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Faculty of Classics

 

Research

Ancient philosophy: Aristotle's biological works; Greek commentaries on Aristotle's Categories; the history of philosophy in the first century BC. Ancient intellectual history more broadly, including the work of scholars based at the great Library of Alexandria; ancient theories on language and grammar.

Publications

Key publications: 

Monograph

Potamo of Alexandria and the Emergence of Eclecticism in Late Hellenistic Philosophy, CUP 2011

Articles

‘Poetry, science and scholarship: the rise and fall of Nicander of Colophon’, in M.A. Harder, R.F Regtuit., G.C. Wakker (eds.), Nature and Science in Hellenistic Poetry, Hellenistica Groningana 15, Leuven-Peeters 2009:19-40

‘Plutarch: the Philosophical Writings’, The Oxford Encyclopedia of Ancient Greece and Rome, ed. M. Gagarin, OUP 2010: Volume 5, 333-5.

‘Antiochus’ biography’ in D. Sedley (ed.) The Philosophy of Antiochus, CUP 2012: 9-30

 ‘The texts of Plato and Aristotle in the first century BC’ in M. Schofield (ed.) Plato, Aristotle and Pythagoreanism in the First Century BC, CUP 2013: 1-27. Reprinted as ‘The texts of Plato and Aristotle in the first century BCE: Andronicus’ canon’ in: R. Sorabji (ed.) Aristotle Re-Interpreted. New Findings on Seven Hundred Years of the Ancient Commentators, London-Bloomsbury 2016: 81-102.

‘Ashes to ashes? The Library of Alexandria after 48 BC’, in J. König, K. Oikonomopoulou and G. Woolf (eds.) Ancient Libraries, CUP 2013: 167-182.

‘Encyclopaedism in the Alexandrian Library’, in J. König and G. Woolf (eds.), Encyclopaedism from Antiquity to the Renaissance. CUP 2013: 64-83.

‘Andronicus of Rhodes and the construction of the Aristotelian corpus’, in A. Falcon (ed.) Brill’s Companion to the Reception of Aristotle in Antiquity. Leiden-Brill 2016: 81-100.

‘Strabo’s philosophy and Stoicism’, in D. Dueck (ed.) The Routledge Companion to Strabo. Abingdon & New York – Routledge 2017: 9-21.

‘Stoicism and Platonism in “Arius Didymus”’, in T. Engberg-Pedersen (ed.) From Stoicism to Platonism. The Development of Philosophy, 100 BCE – 100 CE. CUP, 2017: 80-99.

‘Text and wisdom in the Letter of Aristeas’, in B. Chrubasik and D. King (eds.) Hellenism and the Local Communities of the Eastern Mediterranean. OUP, 2017: 155-176.

‘Bodily and external goods in relation to happiness’, in. W.W. Fortenbaugh (ed.) Arius Didymus on Peripatetic Ethics, Household Management, and Politics. Routledge, forthcoming 2018.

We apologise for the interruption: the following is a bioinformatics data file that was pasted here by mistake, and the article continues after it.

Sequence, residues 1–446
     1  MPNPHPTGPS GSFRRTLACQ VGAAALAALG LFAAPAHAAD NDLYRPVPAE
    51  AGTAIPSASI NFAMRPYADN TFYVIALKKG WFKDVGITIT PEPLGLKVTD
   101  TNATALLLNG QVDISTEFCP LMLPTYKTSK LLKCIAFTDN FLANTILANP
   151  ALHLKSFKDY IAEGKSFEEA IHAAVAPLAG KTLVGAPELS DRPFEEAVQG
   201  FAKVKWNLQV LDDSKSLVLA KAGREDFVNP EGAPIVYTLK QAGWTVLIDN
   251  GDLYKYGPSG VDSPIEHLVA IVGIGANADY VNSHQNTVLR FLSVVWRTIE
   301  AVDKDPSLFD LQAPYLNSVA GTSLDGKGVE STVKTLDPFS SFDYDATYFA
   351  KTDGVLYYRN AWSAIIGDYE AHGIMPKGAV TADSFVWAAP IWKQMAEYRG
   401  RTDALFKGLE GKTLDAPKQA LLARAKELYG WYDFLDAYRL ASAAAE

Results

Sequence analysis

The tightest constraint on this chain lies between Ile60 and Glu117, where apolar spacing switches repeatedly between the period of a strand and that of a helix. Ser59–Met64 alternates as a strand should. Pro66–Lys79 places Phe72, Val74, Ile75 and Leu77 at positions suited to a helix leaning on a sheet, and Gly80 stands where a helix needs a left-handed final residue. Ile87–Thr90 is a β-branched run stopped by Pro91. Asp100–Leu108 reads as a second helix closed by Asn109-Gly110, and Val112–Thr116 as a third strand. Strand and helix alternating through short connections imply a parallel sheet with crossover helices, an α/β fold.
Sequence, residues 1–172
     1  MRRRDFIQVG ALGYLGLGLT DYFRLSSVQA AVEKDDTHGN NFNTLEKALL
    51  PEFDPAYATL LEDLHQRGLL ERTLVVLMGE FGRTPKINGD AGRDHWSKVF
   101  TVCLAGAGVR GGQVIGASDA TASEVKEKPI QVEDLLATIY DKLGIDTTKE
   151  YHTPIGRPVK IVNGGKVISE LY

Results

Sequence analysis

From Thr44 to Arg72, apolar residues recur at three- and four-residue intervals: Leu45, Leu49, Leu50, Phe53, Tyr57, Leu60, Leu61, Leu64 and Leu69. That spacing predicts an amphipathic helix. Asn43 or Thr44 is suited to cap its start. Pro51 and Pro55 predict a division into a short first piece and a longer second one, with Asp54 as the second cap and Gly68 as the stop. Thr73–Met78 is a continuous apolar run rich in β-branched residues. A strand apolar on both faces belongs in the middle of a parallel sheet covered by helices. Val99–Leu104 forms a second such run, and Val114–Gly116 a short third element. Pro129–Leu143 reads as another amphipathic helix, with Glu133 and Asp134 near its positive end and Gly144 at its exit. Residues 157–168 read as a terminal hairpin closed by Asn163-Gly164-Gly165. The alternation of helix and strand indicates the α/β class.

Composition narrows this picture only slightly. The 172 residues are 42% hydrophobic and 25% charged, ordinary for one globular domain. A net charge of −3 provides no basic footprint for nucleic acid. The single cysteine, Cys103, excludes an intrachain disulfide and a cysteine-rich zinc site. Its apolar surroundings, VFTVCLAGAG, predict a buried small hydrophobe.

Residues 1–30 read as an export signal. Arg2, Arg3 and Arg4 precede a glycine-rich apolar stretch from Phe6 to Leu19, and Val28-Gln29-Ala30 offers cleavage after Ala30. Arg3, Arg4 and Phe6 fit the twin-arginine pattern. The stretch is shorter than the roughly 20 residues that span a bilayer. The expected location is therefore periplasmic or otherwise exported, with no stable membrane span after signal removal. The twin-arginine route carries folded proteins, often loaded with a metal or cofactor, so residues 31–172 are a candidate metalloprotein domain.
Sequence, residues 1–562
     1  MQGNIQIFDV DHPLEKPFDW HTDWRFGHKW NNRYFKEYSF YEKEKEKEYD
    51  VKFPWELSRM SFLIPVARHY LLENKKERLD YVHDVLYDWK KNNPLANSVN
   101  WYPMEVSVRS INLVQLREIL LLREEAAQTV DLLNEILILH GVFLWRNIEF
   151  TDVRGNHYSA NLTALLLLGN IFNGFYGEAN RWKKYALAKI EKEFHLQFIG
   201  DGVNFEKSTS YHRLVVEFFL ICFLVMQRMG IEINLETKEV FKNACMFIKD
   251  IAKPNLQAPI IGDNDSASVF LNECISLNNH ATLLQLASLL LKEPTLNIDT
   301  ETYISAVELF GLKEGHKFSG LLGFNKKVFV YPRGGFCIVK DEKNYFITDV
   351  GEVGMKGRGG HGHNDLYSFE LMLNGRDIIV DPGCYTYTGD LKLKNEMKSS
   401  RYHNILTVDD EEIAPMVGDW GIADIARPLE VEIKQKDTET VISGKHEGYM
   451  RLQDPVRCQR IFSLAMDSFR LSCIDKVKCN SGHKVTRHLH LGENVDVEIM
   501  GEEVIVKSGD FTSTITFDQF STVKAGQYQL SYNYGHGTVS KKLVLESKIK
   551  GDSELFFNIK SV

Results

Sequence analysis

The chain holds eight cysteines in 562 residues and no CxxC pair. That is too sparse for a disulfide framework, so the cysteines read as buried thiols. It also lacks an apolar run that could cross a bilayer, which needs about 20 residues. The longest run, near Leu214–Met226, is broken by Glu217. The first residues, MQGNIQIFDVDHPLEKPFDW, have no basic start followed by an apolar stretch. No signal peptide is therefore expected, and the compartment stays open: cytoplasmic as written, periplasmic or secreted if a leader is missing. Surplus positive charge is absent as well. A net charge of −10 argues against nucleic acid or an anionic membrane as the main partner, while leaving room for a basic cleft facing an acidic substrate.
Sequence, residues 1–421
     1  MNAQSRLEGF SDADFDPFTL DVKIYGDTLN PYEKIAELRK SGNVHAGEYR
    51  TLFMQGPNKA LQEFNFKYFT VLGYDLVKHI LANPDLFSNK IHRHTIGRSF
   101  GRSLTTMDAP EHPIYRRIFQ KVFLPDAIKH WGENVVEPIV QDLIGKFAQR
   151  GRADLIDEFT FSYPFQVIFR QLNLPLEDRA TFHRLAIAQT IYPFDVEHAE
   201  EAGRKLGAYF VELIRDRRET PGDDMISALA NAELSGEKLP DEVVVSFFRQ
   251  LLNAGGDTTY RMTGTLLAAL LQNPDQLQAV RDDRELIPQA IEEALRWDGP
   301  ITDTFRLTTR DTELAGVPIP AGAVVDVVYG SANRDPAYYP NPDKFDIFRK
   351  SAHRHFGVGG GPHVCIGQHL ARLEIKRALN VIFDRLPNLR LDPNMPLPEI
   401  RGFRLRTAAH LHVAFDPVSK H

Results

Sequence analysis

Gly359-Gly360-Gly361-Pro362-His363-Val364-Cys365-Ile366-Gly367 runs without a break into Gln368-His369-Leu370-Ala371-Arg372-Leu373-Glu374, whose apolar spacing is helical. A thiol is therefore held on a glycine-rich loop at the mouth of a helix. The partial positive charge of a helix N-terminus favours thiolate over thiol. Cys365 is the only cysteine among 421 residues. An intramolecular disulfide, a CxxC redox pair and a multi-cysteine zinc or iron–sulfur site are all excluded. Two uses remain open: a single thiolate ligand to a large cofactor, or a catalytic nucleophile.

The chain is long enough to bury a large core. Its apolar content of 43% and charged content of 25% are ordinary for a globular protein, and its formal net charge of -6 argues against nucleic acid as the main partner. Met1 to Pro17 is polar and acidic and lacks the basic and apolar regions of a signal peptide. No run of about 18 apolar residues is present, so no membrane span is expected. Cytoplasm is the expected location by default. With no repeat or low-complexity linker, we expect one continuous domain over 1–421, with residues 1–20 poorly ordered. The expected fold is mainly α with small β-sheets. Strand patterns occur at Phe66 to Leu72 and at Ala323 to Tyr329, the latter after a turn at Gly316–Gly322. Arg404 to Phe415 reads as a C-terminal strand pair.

Senior Lecturer in Classics (Ancient Philosophy)
Fellow and Director of Studies at Homerton College

Contact Details

Homerton College
Cambridge
CB2 8PH
mh303@cam.ac.uk
01223 747301 (College) / 335160 (Faculty)
Not available for consultancy

Latest news

Regius Professorship of Greek

16 January 2023

The Faculty is delighted to announce that Professor Tim Whitmarsh FBA has been elected Regius Professor of Greek from 1 April 2023. He is currently the A. G. Leventis Professor of Greek Culture in the University. Looking ahead to his new role, Professor Whitmarsh commented: ’I am thrilled and honoured to be taking up this...

Mary Beard receives THE Outstanding Achievement Award

18 November 2022

Professor Mary Beard received the Outstanding Achievement Award at the 2022 Times Higher Education Awards . The citation hailed how she had “broken through the ivory tower’s walls and brought her unique enthusiasm for her subject – and crucially, what it can teach us about contemporary life and politics – to the world”...

University Assistant Professorship in Classics

15 November 2022

The Faculty of Classics is seeking to appoint an Assistant Professor in Classics (Ancient Greek History and/or Archaeology) from 1 September 2023. The role is open to those, at any stage in their career, with a primary research interest in Archaic/Classical/Hellenistic Greek History and/or Archaeology. We welcome...

Brian Leech Memorial Fund

10 November 2022

The Faculty of Classics is delighted to announce the establishment of the Brian Leech Memorial Fund. The Fund comes about thanks to a generous donation by Emma Gleave, and is made in memory of her late father, Brian Leech. Brian Leech had a long and successful career as both barrister and judge. He also greatly enjoyed classical studies – with a life-long passion for ancient Greek and Latin languages.